Day treatment transportation is the responsibility of the ARC day treatment program.

For all other transports, the following applies:

  • If the enrollee resides in an OMRDD-certified intermediate care facility (ICF), a supervised community residence, a supervised and supportive individualized residential alternative; or attends day habilitation, the residence is responsible for all non-ambulance transportation. The LDSS is responsible for ambulance transportation.
  • If the enrollee lives at home, or in a Family Care home, the LDSS is responsible for medical transportation.

Reference: April 2008 Medicaid Update, Responsibility for Transportation Provider Reimbursement.

Does the Medicaid Program require the enrollee’s signature on file when submitting a claim for services rendered?

For ambulance transportation claims, the Medicaid Program does not require the ambulance provider to have the Medicaid enrollee’s signature on file as a precondition of submitting a valid claim to the Program. Some counties have enrolled in a Signature Verification program in which a patient’s signature is obtained when transporting to a Medicaid service, as a condition of authorizing the trip.

What happens in case of a no-show, an enrollee who misses transportation?

A transportation provider cannot be reimbursed if they did not provide a service. No-show enrollees are an unfortunate cost of doing business.

Will transportation providers be notified if an enrollee’s eligibility changes?

When  a prior authorization is issued, the system checks eligibility on the date authorization is entered. It cannot guess that in two months, a person will die or otherwise become ineligible for services.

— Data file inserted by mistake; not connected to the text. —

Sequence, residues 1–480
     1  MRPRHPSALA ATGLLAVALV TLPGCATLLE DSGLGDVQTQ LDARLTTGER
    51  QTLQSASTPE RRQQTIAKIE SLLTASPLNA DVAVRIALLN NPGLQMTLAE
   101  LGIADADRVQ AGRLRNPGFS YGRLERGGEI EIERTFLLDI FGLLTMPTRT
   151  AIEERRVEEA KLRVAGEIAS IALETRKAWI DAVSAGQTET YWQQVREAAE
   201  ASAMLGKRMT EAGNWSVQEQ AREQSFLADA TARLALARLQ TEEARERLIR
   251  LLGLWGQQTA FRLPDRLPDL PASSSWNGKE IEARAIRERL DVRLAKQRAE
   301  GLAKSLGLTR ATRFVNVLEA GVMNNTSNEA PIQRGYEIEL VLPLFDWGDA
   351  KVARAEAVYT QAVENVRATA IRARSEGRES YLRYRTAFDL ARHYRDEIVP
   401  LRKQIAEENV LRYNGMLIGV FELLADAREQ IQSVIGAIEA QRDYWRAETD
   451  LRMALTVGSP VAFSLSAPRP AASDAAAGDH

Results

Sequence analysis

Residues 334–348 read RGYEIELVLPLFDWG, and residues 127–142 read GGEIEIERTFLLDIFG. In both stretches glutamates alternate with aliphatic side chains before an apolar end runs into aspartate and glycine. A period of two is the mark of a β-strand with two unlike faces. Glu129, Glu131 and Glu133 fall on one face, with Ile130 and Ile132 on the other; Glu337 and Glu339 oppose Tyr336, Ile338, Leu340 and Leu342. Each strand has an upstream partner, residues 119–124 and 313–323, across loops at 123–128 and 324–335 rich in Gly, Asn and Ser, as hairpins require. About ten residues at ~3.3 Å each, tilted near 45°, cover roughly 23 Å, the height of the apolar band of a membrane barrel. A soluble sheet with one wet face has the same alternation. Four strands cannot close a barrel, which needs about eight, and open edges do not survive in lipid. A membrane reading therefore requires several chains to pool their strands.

This is why it is CRUCIAL that transportation providers check a person’s eligibility prior to each date of service. Medicaid will not pay for these claims as the beneficiary is enrolled in Family Health Plus.

A taxi provider stated that taxis could no longer wait in front of the hospital, but must use the hospital parking lot. Should the LDSS reimburse the parking fee?

Yes. The provider should submit the receipt to the LDSS.

What is the procedure for payment of Non-Emergency Ambulance Claims denied by Medicare

The following policy, disseminated to counties in March 2001, applies to non-emergency ambulance claims that have been denied by Medicare.

  • The ambulance company must continue to seek payment from the Medicare program through the appeals process for the denied claim.
  • The ambulance company will contact the fiscally responsible local department of social services (LDSS) to request a prior authorization for the non-emergency transport The LDSS will determine whether the ambulance transport was necessary based upon documentation supplied by the ambulance company.
  • If approved, the LDSS will prior authorize the ambulance transport at the Medicaid payment amount.
  • The ambulance company must follow the existing zero-fill procedures and use the prior approval number in its resulting claim to the Medicaid Program.